Blackjack is one of the few casino games where you have almost an equal chance of leaving the table as a winner. Most business owners and sales professionals would love a 50/50 chance when trying to close a sale. Let’s look at the three key principles of Blackjack and see how they can be applied to the sales game:
1. Understand the rules of the game
Blackjack has rules that dictate how and when cards are dealt, what combinations of cards make up a winning hand, and how the dealer should play his hand. Additionally, mathematical odds establish a set of “rules” that you must follow to maximize your chances of winning. By sticking to the rules, you reduce the house edge to just a small percentage.
Key Factors: To follow the rules, you must be emotionally detached from the process and must consistently follow the rules. If the rules specify that you always split Aces and Eights, then you must always split Aces and Eights. If the odds specify that you should keep 14 when the dealer’s face-up card is six or less, that’s what you should do. You can’t play hunches. You cannot guess the odds.
2. Never risk more than you can afford to lose
The wisdom of the rule should be obvious. If it’s unwise, as the adage, “put all your eggs in one basket,” suggests, it’s just as silly to bet all your money (especially your bottom dollar) on one hand.
3. Know when to walk away
If you play the game long enough, you will likely notice a sine wave-like pattern in your winnings. Sometimes you are awake, sometimes even and other times you are depressed. Unfortunately, the pattern is not a perfect sine wave with a fixed and predictable frequency and amplitude. So you need to set a goal beforehand to get away when you’re up or down by a specific amount. In any case, you walk away as a winner, measured by your actual winnings or simply by the fact that you survived to play another day, or perhaps at another table.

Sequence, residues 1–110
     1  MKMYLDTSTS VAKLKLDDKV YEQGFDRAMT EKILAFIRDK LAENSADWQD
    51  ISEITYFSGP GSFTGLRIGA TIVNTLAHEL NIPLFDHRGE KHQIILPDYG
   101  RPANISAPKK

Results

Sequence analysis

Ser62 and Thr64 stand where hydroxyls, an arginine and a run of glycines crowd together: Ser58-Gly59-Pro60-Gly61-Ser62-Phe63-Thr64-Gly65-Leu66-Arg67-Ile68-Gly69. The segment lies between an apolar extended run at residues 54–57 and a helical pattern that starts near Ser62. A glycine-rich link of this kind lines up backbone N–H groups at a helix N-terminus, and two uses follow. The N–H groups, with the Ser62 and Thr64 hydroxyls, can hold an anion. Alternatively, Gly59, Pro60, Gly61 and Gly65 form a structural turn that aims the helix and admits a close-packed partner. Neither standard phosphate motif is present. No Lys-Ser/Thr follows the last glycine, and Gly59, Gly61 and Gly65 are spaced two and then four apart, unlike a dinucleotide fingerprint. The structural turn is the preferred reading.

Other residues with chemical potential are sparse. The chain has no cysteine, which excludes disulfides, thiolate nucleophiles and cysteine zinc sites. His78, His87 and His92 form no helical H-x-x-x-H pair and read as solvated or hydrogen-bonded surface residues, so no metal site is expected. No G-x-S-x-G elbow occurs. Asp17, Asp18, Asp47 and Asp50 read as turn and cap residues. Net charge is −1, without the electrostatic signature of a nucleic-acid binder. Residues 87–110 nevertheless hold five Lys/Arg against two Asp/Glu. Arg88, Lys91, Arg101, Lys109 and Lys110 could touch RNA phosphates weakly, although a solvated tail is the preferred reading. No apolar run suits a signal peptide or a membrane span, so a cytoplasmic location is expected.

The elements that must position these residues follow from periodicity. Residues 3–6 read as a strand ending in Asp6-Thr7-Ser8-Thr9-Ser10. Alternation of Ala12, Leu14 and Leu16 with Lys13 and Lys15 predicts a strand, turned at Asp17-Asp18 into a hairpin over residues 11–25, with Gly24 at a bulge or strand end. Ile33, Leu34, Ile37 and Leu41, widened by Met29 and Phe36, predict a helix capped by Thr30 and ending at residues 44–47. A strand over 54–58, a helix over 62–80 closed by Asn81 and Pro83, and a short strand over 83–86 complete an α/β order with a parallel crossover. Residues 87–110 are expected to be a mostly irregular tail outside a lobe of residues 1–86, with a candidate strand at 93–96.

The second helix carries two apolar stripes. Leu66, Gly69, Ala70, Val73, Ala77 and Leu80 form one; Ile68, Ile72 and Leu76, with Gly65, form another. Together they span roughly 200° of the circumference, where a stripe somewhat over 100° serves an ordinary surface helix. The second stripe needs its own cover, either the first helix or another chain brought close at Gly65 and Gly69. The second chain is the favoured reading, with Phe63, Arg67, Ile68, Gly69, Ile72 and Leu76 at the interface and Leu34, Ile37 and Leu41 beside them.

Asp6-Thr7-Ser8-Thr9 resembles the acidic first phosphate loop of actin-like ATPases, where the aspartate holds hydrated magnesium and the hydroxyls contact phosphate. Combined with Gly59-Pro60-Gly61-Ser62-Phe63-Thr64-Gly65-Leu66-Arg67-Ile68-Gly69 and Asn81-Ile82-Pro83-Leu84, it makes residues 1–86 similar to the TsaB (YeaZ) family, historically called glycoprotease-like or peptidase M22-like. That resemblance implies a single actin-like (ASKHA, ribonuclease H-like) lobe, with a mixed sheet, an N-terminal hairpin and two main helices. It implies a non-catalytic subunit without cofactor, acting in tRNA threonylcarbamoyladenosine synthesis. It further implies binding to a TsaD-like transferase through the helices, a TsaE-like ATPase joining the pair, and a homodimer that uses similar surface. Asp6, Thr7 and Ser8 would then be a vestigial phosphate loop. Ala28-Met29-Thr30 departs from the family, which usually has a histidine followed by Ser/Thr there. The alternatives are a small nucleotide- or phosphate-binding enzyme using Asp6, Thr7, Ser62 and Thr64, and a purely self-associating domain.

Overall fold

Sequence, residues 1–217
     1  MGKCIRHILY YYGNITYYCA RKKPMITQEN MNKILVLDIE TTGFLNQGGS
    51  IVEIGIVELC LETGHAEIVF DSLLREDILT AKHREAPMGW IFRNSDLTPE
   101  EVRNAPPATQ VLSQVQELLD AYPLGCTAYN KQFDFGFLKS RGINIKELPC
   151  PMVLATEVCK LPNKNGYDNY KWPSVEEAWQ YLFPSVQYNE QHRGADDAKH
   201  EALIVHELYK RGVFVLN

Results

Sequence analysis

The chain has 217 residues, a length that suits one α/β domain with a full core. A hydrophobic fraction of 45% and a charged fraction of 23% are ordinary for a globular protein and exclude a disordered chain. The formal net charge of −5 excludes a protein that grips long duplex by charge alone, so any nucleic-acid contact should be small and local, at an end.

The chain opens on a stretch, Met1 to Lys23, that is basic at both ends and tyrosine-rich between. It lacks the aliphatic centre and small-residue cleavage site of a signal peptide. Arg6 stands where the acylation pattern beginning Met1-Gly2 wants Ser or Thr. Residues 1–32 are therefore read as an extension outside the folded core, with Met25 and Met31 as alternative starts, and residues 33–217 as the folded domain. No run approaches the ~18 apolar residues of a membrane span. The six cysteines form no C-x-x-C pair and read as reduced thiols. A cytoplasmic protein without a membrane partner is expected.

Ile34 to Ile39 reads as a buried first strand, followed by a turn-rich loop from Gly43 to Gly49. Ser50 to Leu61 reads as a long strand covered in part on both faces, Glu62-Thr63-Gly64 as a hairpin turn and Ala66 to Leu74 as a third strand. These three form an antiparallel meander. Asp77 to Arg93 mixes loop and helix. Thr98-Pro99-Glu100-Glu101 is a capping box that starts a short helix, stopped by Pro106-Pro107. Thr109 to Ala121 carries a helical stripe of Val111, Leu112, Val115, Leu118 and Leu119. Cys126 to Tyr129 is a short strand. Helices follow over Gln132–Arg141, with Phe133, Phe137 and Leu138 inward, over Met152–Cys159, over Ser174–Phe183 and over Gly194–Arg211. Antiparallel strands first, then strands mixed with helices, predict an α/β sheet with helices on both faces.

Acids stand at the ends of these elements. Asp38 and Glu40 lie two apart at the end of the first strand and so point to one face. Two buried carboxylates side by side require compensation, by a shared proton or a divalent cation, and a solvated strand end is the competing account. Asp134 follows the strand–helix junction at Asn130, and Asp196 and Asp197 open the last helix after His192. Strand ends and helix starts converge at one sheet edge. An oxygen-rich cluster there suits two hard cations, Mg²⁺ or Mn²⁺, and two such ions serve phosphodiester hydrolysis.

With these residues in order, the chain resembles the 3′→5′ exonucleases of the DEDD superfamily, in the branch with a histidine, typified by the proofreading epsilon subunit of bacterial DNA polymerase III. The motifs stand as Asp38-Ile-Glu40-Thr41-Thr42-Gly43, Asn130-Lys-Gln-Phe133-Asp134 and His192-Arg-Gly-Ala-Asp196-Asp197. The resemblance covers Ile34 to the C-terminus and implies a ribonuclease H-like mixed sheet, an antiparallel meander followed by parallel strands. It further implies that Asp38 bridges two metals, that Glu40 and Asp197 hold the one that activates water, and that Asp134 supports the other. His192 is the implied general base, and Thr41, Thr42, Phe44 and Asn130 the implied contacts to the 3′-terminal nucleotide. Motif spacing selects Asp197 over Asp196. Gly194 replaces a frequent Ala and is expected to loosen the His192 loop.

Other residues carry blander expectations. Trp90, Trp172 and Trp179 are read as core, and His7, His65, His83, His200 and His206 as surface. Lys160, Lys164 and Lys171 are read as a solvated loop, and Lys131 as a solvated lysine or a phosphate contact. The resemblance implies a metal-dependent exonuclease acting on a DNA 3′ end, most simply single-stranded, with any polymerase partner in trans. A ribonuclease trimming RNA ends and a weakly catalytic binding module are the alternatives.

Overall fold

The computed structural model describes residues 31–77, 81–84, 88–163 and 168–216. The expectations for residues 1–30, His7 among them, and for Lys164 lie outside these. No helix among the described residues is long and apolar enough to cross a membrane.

Apply the winning principles of Blackjack to successful sales
1. Understand the rules of the game.
A fundamental rule of the game is that you don’t spend your time looking for low probability opportunities, regardless of how much you want or need a sale. As in Blackjack, you must stay emotionally detached from the process. If the opportunity doesn’t measure up … well, then it’s not up to scratch, and it’s time to move on and find one that is.
Low probability opportunities exist when:
– There is no compelling reason for the potential customer to buy your product or service or buy it from YOU.
– The potential customer is unwilling or unable to make the necessary investment to obtain your product or service.
– You cannot meet all of the potential customer’s criteria to buy your product or service or buy it from you instead of a competitor.
2. Never risk more than you can afford to lose.
“Bet” your time wisely. Don’t spend all your time looking for an opportunity. That is not a winning strategy. You should have more than one active opportunity in your portfolio.
3. Know when to walk away.
Sometimes it is not in the cards. Some sales opportunities will progress predictably and perhaps quickly, and you will add a new name to your customer list. Other opportunities will linger. Some prospects don’t commit or, if they do, they won’t deliver. In those cases, you must reduce your losses (of time and energy). You need to close the file, walk away, and spend your time identifying other potentially more viable opportunities.
When you follow the rules, you can bet on the outcome: more sales closed, more often.